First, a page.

State v. Hutchin

Annotate this Case

353 S.W.2d 701 (1962)

STATE of Missouri, Respondent, v. William Dean HUTCHIN, Appellant.

No. 48889.

Supreme Court of Missouri, Division No. 1.

February 12, 1962.

*702 James D. Anderson, Kansas City, for appellant.

Thomas F. Eagleton, Atty. Gen., James Wilson Spencer, Sp. Asst. Atty. Gen., for respondent.

HYDE, Judge.

Defendant was convicted of burglary, second degree (Secs. 560.070, 560.095, statutory references are to RSMo and V.A.M.S.) and stealing (Secs. 560.156, 560.161, see also Sec. 560.110) under the Habitual Criminal Act (Sec. 556.280) and sentenced to ten years for burglary and five years for stealing to run consecutively. Defendant has appealed but filed no brief so we consider all assignments properly made in his motion for new trial. State v. Stehlin, Mo.Sup., 312 S.W.2d 838. Defendant's motion states ten grounds. Since ground 6 alleges error in overruling defendant's motion for a directed verdict we will state the facts shown by the State.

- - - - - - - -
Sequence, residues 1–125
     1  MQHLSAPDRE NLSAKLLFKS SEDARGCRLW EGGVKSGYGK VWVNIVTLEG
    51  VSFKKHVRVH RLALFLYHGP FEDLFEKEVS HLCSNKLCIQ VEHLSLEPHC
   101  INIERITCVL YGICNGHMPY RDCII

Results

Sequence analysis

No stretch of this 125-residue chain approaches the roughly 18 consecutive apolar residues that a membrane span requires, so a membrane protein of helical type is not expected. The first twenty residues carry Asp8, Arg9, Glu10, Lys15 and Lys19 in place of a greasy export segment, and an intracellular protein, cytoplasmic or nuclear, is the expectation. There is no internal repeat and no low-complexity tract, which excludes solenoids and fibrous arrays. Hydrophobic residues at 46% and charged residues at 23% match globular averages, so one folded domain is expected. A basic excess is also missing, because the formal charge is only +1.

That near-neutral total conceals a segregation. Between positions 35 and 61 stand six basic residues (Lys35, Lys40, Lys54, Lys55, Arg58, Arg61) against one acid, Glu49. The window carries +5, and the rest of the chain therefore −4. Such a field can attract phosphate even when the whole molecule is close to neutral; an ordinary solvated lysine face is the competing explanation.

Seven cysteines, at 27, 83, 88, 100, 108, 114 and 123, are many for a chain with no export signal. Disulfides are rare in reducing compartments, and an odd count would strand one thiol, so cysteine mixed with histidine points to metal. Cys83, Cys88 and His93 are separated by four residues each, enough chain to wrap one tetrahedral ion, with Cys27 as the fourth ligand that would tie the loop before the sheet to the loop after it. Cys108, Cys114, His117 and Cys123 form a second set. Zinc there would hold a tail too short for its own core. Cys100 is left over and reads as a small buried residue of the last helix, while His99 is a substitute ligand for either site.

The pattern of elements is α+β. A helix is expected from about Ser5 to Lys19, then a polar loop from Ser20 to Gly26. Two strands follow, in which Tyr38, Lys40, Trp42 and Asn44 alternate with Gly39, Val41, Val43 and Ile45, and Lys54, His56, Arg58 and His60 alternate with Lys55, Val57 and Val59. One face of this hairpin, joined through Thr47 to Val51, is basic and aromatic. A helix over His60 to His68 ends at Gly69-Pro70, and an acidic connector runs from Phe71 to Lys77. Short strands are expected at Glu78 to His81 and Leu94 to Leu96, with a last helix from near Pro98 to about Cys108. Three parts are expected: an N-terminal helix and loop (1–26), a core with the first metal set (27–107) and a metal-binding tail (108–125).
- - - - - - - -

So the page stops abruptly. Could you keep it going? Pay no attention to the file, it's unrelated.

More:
Defendant's motion at the close of the State's case was waived by offering evidence. State v. Shelby, Mo.Sup., 327 S.W.2d 873, 874, and cases cited. "In determining the sufficiency of the evidence to sustain a conviction, we consider as true the evidence favorable to the State and the favorable inferences reasonably to be drawn therefrom; and evidence to the contrary is rejected"; State v. Thomas, Mo.Sup., 309 S.W.2d 607, 609, and cases cited; State v. Woolsey, Mo.Sup., 328 S.W.2d 24, 25. Therefore, with the following facts shown by the State's evidence, this ground is wholly without merit. On July 30, 1960, between 3:00 and 3:30 a. m., defendant was seen behind the bar of a tavern, called Mutual Bar, located at 1019 Wyandotte, Kansas City, Missouri, by the night foreman of Mutual Garage, O. V. Gordon, investigating after hearing the breaking of glass. After observing defendant through the glass of the back door, Gordon went to the front door and, arriving there, met defendant coming through the broken glass of the front door. Defendant ran through a parking lot and down an alley to Baltimore Avenue. Gordon followed him, at a distance of 10 or 15 feet, without losing sight of him, to the vicinity of 12th and Baltimore, where defendant got into a taxicab. Gordon told *703 the driver "not to take him away because he had broke into a place" and the driver said "he wouldn't." Defendant started to get out of the cab, but a police patrol car then turned the corner and Gordon called to the officer driving it. The officer arrested defendant and took him to the Mutual Bar. The officer found the glass plate in the front door smashed; the cash register open, coins scattered on the floor, and the front and back doors securely fastened. A search of defendant produced twenty-one one-dollar bills, ten fifty-cent pieces, seventeen quarters, six dimes, five nickels and three pennies, totaling $31.13. Officer Penson, called by the arresting officer, testified that "the register had been rifled, there was change on the floor, on top of the bar, and also a trail of change toward the front door." The co-owner of the tavern, John Knowles, called by the police, testified he found money on the bar and on the floor and, upon checking his register, he found between thirty-one or thirty-two dollars missing. The defense was alibi, defendant claiming he was drinking in several taverns during the night, got drunk and was arrested when he got into a cab to leave after the closing of the last bar he visited. However, according to the State's evidence, he did not account for at least an hour between the time this bar closed and his arrest at 12th and Baltimore.